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“Fable is a literary genre: a succinct fictional story, in prose or verse, that features animals, mythical creatures, plants, inanimate objects, or forces of nature that are anthropomorphized (given human qualities, such as the ability to speak human language) and that illustrates or leads to a particular moral lesson (a “moral”), which may at the end be added explicitly as a pithy maxim.”

The following is evidence as to what occurs if the Satyr unwittingly becomes trapped in an airport (or aviation pen as they shall now be known) with only a book on aboriginal folklore for company. Highly interesting stuff.

This story’s theme and narrative derives from that similar style, nothing classical or typical in the least. They were camp fire stories told by a teller or an elder of the village and follow no set guidelines. Most of the listeners to the tale will be neighbours from the same village who know each other pretty well and know any usual characters and their traits told by a particular teller. The teller would also do well to incorporate parts of village life and its inhabitants into these tales.

 

The Fable of [Insert your loved ones’ name here], The One Star

For Lumpus the Panda

 

There once was a star called [insert your loved ones’ name here]. And she was the brightest star in the inky blue. However, she found the heavens a lonely place. Sure there were angels. But they were all cock sure and holier than thou. And sure, there were clouds. But they were all usually gloomy and on their way else where. Of course, there were other stars, but they all had their own cliquey, constellations. Either old boys clubs or too-cool-for-school brand-new just-discovered ones.

 

Alone, as such she was referred to as, The One Star. [Insert your loved ones’ name here] was always busy but still made time for every fussing, ill-tempered cloud and every terminally hyperactive comet that passed by. She always respected the older stars and helped them out as best she could. She would often stop by and make them a cup of Horlicks or sit and read to them a while. She helped newborn stars get on their feet and show them how to hide during the day. All this hard work made her shine like no other star in the whole galaxy.

 

Now, the Moon was a moody bastard who didn’t like anyone stealing his glory. One fateful day, he turned on [insert your loved ones’ name here] and tried to bad mouth her to the wind and the hills. However all the constellations stood by [insert your loved ones’ name here], old and newborn, and the clouds tumbling by hollered her name.

 

So moody Moon tried a different tack. ‘I am the Moon. I am King of the Night Sky. Surely all stars should live in groups to form an attractive cow or mythological being or something. A star cannot be a constellation on its own, and we’re pretty full up here already.  Even the Day King, who is my personal friend, has said this and agrees.’

 

At this latter remark the old clouds and the young clouds drifting by and the hills and the lakes all whispered ‘the Day King, the Day King, the Day King’

Even though only Moody Moon had ever met the Day King, they had to agree with him.

 

The miserable Moon continued ‘You must go down and live on the land and be a land star.’

 

So, [insert your loved ones’ name here] the One Star was cast down to the land where she found herself in old Cambridge town on a chilly winters night. She fell among some land stars who all lived in a row.

 

[Inset your loved ones’ name here] realised very early on that she was not at all like the land stars. However, she kept busy as before. She made time for the pigeons and lit the way home for drunks and she kept tramps company during the long, chilled nights. She also helped some of the land stars to reach the skies. However, she knew deep inside that she wasn’t happy.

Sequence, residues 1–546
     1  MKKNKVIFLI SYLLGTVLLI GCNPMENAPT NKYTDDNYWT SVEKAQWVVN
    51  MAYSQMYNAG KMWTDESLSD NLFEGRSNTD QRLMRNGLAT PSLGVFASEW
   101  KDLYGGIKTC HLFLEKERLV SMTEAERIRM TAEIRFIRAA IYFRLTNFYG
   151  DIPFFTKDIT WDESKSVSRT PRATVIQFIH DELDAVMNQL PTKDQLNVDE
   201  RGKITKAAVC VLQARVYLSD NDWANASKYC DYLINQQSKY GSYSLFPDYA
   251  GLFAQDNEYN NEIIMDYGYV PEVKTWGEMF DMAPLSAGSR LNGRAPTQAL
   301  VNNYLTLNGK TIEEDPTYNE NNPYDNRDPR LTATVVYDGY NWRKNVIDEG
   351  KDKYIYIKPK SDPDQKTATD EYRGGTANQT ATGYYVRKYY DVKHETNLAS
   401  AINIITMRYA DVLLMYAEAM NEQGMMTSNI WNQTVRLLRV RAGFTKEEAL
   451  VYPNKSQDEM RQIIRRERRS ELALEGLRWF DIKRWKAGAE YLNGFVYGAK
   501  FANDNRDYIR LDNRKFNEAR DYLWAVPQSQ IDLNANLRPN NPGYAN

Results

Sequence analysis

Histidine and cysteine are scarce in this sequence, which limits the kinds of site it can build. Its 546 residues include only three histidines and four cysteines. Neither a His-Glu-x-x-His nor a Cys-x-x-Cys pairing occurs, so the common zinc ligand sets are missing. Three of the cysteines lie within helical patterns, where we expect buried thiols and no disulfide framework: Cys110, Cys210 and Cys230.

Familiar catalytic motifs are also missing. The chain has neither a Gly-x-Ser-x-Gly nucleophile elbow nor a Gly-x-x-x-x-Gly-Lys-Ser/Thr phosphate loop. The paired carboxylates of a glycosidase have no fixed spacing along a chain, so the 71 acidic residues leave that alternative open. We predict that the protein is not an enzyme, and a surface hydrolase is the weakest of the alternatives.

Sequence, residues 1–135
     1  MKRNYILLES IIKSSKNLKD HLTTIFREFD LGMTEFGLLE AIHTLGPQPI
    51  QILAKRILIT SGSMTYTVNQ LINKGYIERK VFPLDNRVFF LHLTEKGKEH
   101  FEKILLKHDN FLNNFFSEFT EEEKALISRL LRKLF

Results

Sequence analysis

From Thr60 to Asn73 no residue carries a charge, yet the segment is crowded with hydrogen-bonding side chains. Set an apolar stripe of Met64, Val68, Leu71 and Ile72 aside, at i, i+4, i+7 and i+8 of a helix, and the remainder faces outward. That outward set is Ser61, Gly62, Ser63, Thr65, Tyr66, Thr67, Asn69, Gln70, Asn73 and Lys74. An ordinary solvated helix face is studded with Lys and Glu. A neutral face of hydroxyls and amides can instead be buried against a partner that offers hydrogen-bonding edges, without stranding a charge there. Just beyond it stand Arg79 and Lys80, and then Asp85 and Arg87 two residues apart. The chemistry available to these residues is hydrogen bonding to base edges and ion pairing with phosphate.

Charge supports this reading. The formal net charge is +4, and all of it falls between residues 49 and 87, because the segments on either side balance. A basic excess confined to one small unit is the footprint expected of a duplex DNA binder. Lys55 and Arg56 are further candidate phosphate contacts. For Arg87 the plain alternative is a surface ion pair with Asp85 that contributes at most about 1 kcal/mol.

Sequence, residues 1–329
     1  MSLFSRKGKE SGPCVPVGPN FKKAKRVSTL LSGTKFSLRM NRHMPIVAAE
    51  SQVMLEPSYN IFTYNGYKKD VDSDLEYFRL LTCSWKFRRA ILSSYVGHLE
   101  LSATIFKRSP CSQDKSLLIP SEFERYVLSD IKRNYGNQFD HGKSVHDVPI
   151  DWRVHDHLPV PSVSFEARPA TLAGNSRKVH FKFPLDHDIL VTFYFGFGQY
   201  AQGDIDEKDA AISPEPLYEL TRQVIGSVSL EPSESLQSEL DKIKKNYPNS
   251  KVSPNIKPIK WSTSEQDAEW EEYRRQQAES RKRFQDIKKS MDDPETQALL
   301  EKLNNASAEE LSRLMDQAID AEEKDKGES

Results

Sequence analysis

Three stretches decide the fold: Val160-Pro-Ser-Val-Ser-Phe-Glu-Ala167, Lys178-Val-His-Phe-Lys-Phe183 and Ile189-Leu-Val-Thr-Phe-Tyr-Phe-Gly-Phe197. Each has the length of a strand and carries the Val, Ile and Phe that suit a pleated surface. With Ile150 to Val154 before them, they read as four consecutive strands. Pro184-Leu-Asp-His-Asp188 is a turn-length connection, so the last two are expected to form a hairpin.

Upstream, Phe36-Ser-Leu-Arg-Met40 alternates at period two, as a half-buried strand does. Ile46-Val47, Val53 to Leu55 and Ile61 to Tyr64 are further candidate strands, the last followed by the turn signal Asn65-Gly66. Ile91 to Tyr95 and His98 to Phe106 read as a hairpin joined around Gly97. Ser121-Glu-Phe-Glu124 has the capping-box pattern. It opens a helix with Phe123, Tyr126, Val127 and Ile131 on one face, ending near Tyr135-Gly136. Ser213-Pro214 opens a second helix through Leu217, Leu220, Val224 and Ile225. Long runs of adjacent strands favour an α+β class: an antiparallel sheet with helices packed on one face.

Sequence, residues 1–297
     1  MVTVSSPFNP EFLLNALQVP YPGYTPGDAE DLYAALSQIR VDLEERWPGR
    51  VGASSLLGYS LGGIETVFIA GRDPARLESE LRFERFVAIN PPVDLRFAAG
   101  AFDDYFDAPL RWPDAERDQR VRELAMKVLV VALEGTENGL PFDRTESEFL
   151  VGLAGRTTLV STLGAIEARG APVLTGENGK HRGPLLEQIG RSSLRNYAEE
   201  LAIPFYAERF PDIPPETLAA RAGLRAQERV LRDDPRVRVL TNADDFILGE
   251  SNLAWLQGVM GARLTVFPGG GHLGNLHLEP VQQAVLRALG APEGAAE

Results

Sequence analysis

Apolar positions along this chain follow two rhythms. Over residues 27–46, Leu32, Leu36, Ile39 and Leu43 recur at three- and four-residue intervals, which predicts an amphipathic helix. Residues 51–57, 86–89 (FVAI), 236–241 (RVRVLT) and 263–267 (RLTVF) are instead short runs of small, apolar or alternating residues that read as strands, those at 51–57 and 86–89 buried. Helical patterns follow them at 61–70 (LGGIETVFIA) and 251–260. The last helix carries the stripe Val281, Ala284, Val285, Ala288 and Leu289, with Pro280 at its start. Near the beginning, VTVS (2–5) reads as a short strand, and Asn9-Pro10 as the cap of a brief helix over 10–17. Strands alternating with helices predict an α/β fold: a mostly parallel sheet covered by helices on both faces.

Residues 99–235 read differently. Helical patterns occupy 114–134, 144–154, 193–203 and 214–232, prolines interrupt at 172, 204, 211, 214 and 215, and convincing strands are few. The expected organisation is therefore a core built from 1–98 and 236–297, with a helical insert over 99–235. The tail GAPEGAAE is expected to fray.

One night, [insert your loved ones’ name here] was teaching Eric the monotone sewer rat to tap dance, when a Gowal happened upon them unannounced. Gowals are half owl and half goat and three 28ths lynx. So, as you can understand, Eric was out of their like a shot. ‘Bye [insert your loved ones’ name here]’, droned Eric as he vanished into the night.

 

Anyway, the Gowal was quite a gentleman and apologised for his intrusion. [Insert your loved ones’ name here] shared her nettle soup with him and after that they chatted and got on really well (they both had a passion for pesto, Terence Trent D’Arby and both thought the moon wasn’t all that).

 

The Gowal with the lynx teeth and goaty beard didn’t talk too much about himself, nor was he intrusive, but in a short space of time he realised what an amazing and brilliant star [insert your loved ones’ name here] was and completely understood why the moon had turned so green.

 

After a few nights of meeting with [insert your loved ones’ name here] (and after promising not to pounce on poor Eric the monotone sewer Rat) the Gowal had made up his mind: he was going to go and confront the morose Moon and sort this out.

 

So, that night, after he left [insert your loved ones’ name here] to teach a friendly pigeon how to bake gluten free dumplings, he flew up into the night sky on his mighty pinions to confront the envious moon.

 

Before the charismatic creature could even say his piece, the moon began grumbling and moaning about this and that, over the top of the Gowal. ‘How come only half the world can ever see me at any one time?’ moaned the Moon. ‘Why is it always so cold out here? How come I can never find shoes that fit me?’ so the poor Gowal couldn’t get a word in edge ways.

 

However, he was not about to be undone. The Gowal beat his mighty wings and made feathery, soaring circles of eight which mesmerised and distracted the po-faced misery guts. This gave the Gowal just enough time to ask why the Moon had banished [insert your loved ones’ name here] to Earth, ‘She is not a land star, she belongs in the night sky not along a road’.

 

The Moon just shrugged, said ‘huh’, and turned his back on the Gowal. By this time it was almost dawn. The Gowal was so angry he could barely breath fire attractively or throw his magic javelin straight. Exhausted but intent on perusing his mission the Gowal soared across the horizon to the west cursing the moon and his negative outlooks.